Informatics Development Specialist
Born and raised outside of St. Paul, Minnesota
- B.A. – Vanderbilt University – Nashville, TN (2012)
- Ph.D. – University of Wisconsin – Madison, WI (2016)
Both of my parents are career scientists so I was very taken by science from a young age. In college I found myself to be particularly interested in the quantitative and analytical aspects of chemistry, as well as conducting research. Right after undergrad I decided to come back to the Midwest to pursue an advanced degree in analytical chemistry.
“The culture of lab seemed like somewhere that I would thrive—a lot of driven, self-motivated people.”
Why University of Wisconsin and the Coon lab?
Many of my friends attended UW and had nothing but good things to say about their experiences. I had visited several times throughout undergrad and had already started falling in love with the school and the town. I first met Professor Coon at a conference at Orlando where we discussed our scientific interests and the work being done in his lab.
His ongoing research efforts were very exciting and I could tell that his lab would yield many interesting research opportunities. Beyond the work being done, the culture of lab seemed like somewhere that I would thrive—a lot of driven, self-motivated people. The really nice lab space didn’t hurt either.
Can you describe the role you have transitioned into in the Coon Group, post PhD?
I am now a senior informatics development specialist, a role I transitioned into so that I could continue working on a number of projects that I was doing as a graduate student. The biggest of these projects is building generic, flexible, highly interactive web-based tools that will allow us to disseminate and explore data with our collaborators quickly.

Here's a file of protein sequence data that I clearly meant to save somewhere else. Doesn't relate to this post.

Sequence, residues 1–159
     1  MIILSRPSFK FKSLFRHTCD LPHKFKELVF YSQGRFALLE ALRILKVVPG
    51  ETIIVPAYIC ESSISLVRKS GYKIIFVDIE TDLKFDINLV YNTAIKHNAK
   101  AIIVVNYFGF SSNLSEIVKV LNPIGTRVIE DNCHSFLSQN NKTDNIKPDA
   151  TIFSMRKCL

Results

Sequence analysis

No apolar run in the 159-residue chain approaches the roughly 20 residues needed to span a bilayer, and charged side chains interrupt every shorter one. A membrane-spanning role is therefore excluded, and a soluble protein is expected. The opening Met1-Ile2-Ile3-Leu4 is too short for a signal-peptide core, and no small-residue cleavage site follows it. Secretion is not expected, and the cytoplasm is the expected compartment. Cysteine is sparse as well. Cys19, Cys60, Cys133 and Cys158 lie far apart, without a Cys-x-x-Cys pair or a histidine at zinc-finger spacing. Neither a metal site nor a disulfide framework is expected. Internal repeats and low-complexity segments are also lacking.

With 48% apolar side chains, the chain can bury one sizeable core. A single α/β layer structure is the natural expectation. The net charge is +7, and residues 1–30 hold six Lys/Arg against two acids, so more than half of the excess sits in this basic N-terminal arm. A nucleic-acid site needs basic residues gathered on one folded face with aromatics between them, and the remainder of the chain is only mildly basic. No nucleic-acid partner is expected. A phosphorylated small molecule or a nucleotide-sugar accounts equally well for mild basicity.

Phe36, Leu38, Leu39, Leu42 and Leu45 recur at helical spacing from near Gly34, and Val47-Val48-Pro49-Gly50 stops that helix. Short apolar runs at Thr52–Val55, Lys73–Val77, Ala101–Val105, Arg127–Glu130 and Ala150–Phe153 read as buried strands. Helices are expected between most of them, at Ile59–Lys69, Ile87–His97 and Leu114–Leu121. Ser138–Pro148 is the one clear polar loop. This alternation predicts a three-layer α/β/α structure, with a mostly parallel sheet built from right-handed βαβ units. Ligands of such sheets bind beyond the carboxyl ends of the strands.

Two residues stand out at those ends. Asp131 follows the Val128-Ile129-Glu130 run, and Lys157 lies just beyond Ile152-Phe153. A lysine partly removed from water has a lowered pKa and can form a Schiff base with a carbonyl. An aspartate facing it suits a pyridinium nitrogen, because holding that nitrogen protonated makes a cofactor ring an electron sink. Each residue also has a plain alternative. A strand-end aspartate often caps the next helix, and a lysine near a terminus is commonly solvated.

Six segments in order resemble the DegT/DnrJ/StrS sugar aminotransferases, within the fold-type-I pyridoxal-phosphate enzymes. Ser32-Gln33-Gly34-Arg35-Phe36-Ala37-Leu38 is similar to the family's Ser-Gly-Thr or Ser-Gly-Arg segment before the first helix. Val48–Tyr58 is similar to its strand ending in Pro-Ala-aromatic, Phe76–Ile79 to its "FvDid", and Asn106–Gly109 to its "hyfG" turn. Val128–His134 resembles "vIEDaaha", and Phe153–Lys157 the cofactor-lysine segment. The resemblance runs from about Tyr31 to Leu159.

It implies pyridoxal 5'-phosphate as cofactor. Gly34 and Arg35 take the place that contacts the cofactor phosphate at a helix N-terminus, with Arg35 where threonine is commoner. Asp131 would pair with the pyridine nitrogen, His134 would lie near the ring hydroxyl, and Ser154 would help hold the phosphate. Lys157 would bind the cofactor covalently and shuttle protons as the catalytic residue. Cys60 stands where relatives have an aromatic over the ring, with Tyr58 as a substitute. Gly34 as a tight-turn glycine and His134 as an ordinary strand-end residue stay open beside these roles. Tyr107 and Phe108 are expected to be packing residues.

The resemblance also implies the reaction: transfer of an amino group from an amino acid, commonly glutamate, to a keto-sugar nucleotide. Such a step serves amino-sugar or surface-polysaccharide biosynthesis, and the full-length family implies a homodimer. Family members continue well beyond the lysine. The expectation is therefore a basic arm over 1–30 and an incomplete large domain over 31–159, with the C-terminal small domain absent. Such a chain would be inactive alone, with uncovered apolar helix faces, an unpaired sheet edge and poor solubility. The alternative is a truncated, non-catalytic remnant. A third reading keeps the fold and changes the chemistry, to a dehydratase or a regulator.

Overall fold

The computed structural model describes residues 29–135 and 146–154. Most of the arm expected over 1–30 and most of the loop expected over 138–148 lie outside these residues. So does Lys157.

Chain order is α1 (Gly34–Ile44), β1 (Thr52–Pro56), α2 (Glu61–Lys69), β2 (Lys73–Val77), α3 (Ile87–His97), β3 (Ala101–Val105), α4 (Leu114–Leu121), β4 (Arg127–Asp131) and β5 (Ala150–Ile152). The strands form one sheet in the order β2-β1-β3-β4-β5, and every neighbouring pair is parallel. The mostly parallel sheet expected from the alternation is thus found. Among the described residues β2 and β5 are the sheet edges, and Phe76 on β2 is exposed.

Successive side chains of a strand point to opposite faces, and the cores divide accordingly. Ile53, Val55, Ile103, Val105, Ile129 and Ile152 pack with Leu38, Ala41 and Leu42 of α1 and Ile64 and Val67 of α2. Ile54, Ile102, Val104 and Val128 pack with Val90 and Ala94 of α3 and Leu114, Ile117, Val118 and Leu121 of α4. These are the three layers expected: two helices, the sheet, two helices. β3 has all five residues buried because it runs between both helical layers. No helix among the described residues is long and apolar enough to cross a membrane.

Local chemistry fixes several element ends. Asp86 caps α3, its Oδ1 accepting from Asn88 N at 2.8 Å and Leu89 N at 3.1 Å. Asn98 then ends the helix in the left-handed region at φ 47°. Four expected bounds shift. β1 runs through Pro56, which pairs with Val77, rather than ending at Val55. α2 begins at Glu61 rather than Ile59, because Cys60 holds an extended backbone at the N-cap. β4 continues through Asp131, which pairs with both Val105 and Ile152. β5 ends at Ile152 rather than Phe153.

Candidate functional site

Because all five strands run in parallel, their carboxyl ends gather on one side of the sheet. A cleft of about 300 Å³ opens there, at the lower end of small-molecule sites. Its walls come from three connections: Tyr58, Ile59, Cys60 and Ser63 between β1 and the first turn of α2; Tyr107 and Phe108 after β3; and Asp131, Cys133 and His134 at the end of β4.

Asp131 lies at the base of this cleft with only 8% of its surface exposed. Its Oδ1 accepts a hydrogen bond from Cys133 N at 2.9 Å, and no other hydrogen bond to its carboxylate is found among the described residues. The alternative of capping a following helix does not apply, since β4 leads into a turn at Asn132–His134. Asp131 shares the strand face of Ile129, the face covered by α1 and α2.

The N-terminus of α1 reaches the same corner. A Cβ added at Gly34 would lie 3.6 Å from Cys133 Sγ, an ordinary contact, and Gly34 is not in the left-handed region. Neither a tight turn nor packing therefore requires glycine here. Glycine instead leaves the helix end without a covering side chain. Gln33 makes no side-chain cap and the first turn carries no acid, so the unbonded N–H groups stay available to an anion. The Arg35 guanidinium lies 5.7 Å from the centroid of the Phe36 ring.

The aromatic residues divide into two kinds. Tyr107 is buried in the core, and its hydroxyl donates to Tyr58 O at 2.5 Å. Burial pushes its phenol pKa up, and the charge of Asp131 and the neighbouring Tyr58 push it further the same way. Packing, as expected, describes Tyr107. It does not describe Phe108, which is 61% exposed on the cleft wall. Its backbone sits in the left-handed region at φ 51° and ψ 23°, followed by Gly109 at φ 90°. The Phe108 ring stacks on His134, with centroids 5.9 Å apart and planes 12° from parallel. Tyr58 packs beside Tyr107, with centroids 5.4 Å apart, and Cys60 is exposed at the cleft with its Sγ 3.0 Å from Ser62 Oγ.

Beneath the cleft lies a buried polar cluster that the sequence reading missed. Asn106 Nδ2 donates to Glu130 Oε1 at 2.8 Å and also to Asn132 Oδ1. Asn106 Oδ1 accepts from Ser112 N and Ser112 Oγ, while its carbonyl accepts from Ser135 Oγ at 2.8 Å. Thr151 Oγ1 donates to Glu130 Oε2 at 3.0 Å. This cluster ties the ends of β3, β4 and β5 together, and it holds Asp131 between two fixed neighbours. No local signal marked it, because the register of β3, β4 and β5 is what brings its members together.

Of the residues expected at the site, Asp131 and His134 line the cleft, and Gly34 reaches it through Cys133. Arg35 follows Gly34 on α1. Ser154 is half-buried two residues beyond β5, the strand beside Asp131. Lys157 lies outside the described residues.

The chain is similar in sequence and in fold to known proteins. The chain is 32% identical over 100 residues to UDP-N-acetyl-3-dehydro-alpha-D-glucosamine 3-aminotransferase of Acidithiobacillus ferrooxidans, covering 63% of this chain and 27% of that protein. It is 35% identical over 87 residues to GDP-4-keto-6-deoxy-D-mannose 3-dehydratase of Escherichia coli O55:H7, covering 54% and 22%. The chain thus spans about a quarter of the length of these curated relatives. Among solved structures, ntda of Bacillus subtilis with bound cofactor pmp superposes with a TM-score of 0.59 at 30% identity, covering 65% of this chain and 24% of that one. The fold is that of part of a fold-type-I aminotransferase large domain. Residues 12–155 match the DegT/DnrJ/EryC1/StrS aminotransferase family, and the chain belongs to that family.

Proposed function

Our main goal is to be able to support all kinds of data collected in the lab for the different types of applications the Coon group is involved in—proteomics, metabolomics, and lipidomics. Beyond that, a big focus of these efforts is to find ways to integrate these different types of datasets that are traditionally analyzed more independently. Long term, another goal we have is to make everything that we’re building more broadly available to the larger scientific community once it’s mature and developed and stable enough. Hopefully we can put these tools into the hands of anyone doing multi-omics research. Ideally, even people who don’t have programming expertise will be able to do really powerful computational tasks without doing code on their own, and in a fun and intuitive way.
In that spirit I am also trying to mentor some of the newer students in the lab who might not have high computational expertise and teach them some basic coding practices and different ways that they can more directly interrogate their data and make meaningful comparisons. One day I may make the leap into industry, but for right now I am still enjoying my research, the lab environment, and being on the cutting edge of MS-based omics technology.
Earn your Ph.D. with us
The Coon Group is always on the lookout for new members. Professor Coon accepts students from several UW-Madison doctoral programs including Chemistry, the Integrated Program in Biochemistry (IPiB), and Cellular & Molecular Pathology.